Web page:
At Rs 68-70 To US Dollar, Rupee Slide Is A Much-Needed Correction, Not A Cause For Panic

At Rs 68-70 To US Dollar, Rupee Slide Is A Much-Needed Correction, Not A Cause For PanicRupee and dollar notes. (LiveMint)
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  • There is no case for panic on the rupee-dollar rate. It is actually correcting after a long hiatus.

    A four-five per cent annual depreciation of the rupee is not something to lose sleep over.

The fall in the value of Indian rupee against the US dollar, thanks to the global spike in oil prices, and internal jitters over political instability and fiscal populism ahead of the general elections in 2019, is causing concern on at least three fronts: the probability of higher fiscal and current account deficits (the so-called twin deficits) and imported inflation.

Yes, the big threat is a reigniting of inflation due to rising food and fuel prices, which could negate one of the biggest achievements of the National Democratic Alliance (NDA) government led by Narendra Modi.

However, if we were to take a longer-term view of where the rupee-dollar rate is heading, we can see that this is nothing more than a correction after a period of relatively stable exchange rates from 2013 to last year.

Exchange rates are a function, among other things, of relative inflation rates, net capital inflows into domestic stocks and bonds, including foreign direct investment, and the size and scale of the fiscal and current account deficits.

None of these factors is actually way out of line as of now. The current account deficit (CAD) could be in the range of 2-2.5 per cent of gross domestic product (GDP) this year, and the oil bill could be $25-50 billion higher, but this is nothing to worry about when forex reserves are at $417 billion.

Retail inflation is at 4.58 per cent, well below the outer tolerance limit of 6 per cent which the Reserve Bank of India (RBI) is mandated to treat as the medium-term ceiling.

The fiscal deficit this year is projected at 3.3 per cent, and even if there is some slippage – which is not guaranteed if tax receipts stay buoyant and the goods and services tax starts delivering higher revenues later this year as compliance improves – it is not a cause for much breast-beating.

As against this, consider how the rupee has fared in the last four years during the Modi administration, and how it did in 2010-14 – when economic management had deteriorated under former finance minister Pranab Mukherjee.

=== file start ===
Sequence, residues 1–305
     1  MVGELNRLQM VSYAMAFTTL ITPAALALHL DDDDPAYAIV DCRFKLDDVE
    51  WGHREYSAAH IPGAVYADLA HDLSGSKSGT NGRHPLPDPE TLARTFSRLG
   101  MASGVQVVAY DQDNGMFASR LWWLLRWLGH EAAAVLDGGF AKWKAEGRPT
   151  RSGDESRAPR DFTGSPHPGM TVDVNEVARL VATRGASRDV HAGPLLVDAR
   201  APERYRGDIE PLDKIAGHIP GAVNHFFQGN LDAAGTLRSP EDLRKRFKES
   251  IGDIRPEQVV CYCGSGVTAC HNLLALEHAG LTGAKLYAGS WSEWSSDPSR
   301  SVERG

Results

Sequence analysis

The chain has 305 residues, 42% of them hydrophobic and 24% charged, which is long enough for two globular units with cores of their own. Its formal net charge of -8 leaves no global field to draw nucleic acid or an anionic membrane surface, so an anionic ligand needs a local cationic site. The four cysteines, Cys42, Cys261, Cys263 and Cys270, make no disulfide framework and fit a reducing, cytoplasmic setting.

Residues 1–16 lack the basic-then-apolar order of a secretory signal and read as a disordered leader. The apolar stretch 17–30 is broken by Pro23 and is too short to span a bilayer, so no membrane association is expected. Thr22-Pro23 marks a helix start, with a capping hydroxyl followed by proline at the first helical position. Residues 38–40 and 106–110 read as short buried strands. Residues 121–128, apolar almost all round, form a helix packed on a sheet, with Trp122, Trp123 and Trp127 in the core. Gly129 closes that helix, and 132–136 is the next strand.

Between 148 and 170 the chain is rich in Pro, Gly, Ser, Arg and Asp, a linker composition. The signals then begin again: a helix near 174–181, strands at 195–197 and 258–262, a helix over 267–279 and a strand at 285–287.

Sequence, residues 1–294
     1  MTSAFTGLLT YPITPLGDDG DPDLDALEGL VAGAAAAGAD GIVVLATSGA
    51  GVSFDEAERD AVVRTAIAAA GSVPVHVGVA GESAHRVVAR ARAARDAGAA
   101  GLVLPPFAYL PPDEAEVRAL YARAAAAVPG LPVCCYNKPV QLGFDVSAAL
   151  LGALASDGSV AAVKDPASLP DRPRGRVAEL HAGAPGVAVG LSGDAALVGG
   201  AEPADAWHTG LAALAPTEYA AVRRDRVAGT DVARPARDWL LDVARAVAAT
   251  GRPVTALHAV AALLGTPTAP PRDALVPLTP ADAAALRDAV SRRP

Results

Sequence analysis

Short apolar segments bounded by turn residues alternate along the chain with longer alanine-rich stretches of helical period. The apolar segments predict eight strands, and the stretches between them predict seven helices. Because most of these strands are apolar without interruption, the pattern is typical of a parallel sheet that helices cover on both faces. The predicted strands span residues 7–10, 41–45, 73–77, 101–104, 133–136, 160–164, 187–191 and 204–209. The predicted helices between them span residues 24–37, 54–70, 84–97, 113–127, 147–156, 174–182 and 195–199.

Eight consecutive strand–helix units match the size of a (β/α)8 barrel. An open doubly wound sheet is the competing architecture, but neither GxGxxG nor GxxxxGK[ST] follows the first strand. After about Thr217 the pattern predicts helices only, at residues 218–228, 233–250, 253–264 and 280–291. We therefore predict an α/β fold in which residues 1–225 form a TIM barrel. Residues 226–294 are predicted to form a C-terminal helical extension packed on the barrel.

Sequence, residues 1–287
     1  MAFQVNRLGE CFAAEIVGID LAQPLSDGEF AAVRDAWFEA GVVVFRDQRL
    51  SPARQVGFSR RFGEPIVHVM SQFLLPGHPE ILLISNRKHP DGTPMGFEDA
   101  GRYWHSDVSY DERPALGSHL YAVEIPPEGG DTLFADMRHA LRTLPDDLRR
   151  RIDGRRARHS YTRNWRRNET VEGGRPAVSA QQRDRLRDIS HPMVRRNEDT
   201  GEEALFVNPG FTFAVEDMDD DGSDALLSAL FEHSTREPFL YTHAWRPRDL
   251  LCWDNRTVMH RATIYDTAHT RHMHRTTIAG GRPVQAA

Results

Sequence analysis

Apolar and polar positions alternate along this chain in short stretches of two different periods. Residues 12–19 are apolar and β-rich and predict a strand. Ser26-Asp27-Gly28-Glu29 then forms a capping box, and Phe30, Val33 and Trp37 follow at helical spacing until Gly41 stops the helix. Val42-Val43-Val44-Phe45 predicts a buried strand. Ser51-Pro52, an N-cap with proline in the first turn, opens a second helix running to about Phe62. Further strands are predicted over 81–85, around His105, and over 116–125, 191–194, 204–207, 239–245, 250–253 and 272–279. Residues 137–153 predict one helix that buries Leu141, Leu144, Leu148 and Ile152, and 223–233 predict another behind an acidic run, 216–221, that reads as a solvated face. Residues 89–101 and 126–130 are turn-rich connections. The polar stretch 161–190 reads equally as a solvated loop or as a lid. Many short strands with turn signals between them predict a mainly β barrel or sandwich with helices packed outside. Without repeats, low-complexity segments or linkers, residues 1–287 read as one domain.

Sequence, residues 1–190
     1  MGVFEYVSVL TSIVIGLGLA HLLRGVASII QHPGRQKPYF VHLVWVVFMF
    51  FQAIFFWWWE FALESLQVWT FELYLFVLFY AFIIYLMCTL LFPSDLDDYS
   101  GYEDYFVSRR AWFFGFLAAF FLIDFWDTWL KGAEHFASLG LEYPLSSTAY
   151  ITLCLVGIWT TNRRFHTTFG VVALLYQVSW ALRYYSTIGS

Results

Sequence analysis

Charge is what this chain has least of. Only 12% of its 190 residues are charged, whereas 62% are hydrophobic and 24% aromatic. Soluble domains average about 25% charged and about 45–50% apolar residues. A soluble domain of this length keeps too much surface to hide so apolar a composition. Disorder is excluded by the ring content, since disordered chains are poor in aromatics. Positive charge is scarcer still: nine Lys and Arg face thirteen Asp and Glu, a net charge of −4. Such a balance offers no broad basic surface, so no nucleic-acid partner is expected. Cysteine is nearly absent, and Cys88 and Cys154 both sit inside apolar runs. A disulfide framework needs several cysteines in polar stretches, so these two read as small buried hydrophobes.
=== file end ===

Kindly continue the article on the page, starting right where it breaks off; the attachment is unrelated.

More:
Between April-May 2010 and May 2014, the rupee depreciated from around Rs 44 to the US dollar to Rs 58, while in the subsequent four years it depreciated from Rs 58 to Rs 68 (now). In the United Progressive Alliance (UPA) period, the rupee depreciated 32 per cent while in the last four years, it depreciated by just over half that magnitude – that is, even after the recent tumble in the rupee.

Let us be clear: given inflation differentials between India and its major trading partners, a four-five per cent annual rupee depreciation is normal, though this does not happen evenly every year. The rupee stays flat for years on end, and then abruptly corrects when danger signals appear.

What was abnormal was the average 8 per cent depreciation during the last four years of the UPA, which was largely the result of poor inflation management.

This is not to suggest that there is no cause for worry or concern on the rupee’s exchange rate. There is, and a lot will depend on how the finance minister manages the macroeconomy between now and May 2019. If the management is reasonably good, especially the passing on of oil price increases to consumers, a range of Rs 68-70 could be the new normal and entirely reasonable from a medium-term perspective. This will allow exporters to push up shipments and help slow down the deterioration in the CAD.

We should worry only if the rupee slides dramatically below Rs 70, and that too very quickly.

If that happens, the RBI can easily start its dollar sales and also open a special window for crude oil importers, so that this additional demand for dollars does not skew the market exchange rate.

As things stand, there is no case for panic on the rupee-dollar rate. It is actually correcting after a long hiatus. A four-five per cent annual depreciation of the rupee is not something to lose sleep over. We have been like that only.

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